At only 17 metres wide and rising to 78 metres tall, the Great Northern Tower was one of the first contemporary additions to Manchester’s rapidly changing skyline, and marked a renaissance for people choosing to live in the city centre.
True inner city living
Nestled between Manchester’s International Convention Centre and the Grade II listed Great Northern Warehouse, the Great Northern Tower, known as the ‘slot site’, maximised its tight, narrow site to deliver 257 new homes. Together with the Beetham Tower, the building provided a catalyst for future inner city residential development on similar brownfield sites, with the offering of flexible living and the lifestyle benefits of easy access to Manchester’s transport network and local shops, offices, bars and restaurants.
The old and the new
The simple sculptural qualities and strong forms of the surrounding industrial buildings are reflected in the contemporary geometries of the Great Northern Tower, with terracotta, metal panel rainscreen and full-height glazing used to complement the Grade II listed Great Northern Warehouse opposite. Deeply recessed windows and terraces echo the warehouse, while balconies and brise-soleil provide dramatic modulation of light and shade on the façades.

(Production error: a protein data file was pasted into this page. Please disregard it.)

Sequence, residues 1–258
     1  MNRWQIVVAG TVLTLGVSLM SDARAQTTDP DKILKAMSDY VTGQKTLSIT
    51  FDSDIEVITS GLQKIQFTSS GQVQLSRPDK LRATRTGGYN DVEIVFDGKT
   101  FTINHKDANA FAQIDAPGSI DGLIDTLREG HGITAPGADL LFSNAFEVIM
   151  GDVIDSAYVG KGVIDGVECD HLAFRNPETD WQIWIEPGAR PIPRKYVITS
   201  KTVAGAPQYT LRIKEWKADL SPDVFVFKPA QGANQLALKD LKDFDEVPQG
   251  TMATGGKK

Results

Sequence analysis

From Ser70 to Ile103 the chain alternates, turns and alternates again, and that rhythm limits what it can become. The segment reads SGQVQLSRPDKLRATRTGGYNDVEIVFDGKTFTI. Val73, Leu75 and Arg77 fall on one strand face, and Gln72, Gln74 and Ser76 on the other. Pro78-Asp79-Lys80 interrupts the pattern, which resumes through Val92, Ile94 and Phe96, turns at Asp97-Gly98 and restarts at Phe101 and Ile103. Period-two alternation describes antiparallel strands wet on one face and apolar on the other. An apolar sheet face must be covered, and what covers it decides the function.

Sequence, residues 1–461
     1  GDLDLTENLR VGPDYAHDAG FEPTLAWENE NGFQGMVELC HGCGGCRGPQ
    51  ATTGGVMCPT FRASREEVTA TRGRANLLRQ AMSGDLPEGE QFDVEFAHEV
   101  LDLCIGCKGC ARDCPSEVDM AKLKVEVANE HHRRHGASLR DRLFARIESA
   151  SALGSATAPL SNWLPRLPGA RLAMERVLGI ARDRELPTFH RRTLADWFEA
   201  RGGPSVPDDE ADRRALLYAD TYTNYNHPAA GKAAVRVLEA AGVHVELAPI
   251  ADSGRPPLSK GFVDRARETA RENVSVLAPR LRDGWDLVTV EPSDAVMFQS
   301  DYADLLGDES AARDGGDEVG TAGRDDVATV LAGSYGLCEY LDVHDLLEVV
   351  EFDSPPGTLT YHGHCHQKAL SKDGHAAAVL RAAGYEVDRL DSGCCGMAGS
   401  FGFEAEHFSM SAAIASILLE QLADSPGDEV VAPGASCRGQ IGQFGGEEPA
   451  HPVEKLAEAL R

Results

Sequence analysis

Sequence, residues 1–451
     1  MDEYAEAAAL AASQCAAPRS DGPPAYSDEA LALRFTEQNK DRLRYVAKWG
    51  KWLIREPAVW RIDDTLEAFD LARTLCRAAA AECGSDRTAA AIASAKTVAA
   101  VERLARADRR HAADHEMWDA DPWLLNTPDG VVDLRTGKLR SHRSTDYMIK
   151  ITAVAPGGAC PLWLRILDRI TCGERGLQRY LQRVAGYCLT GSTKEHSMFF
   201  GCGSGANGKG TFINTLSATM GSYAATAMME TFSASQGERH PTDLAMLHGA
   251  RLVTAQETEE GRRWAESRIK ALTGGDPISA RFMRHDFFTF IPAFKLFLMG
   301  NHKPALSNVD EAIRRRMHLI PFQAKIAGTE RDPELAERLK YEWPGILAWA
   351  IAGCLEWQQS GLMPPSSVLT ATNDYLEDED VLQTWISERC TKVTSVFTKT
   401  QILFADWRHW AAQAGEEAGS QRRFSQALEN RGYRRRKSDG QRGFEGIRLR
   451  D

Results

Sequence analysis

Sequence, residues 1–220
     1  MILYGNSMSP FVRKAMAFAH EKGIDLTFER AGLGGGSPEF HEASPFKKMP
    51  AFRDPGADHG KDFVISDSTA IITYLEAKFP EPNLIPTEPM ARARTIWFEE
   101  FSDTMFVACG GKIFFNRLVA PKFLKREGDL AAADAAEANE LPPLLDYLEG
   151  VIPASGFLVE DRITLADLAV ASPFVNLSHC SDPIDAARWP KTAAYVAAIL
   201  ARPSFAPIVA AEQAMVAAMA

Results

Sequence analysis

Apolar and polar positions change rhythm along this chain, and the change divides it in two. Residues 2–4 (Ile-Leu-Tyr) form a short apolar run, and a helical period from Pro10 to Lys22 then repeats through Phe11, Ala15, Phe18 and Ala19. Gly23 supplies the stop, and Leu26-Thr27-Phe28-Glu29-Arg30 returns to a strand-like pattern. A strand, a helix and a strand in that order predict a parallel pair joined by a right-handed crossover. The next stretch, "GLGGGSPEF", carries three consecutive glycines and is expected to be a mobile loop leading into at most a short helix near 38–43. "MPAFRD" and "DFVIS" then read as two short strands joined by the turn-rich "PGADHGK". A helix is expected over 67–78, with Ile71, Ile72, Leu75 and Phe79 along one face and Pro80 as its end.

Reaching new heights
The development was designed to be bold, yet elegant to mark its status as the gateway to the eastern entrance of the Great Northern Square. The glazed building steps back as it rises and links to a lower building by its long, sloping roof, punctuated by transparent stair cores and south-facing roof terraces.
“Great Northern Tower is a landmark scheme, the flagship in the George Wimpey City portfolio. The design quality is superb and the execution is a testament to the team’s ability to produce an outstanding building in tightly packed but sensitive urban environments. It is a fantastic building and we are very proud of its presence in Manchester” Richard Cook / Former Director at George Wimpey
Ground floor retail and leisure uses face outwards to complete the Great Northern Square, whilst the triple-height class-clad entrance allows the public spaces on either side to visually ‘flow’ through the building to tie it into its surroundings.
At the time it was the last element of the city’s urban design masterplan. With Manchester undergoing significant regeneration again, the Great Northern Tower now forms the backdrop for new development in the city.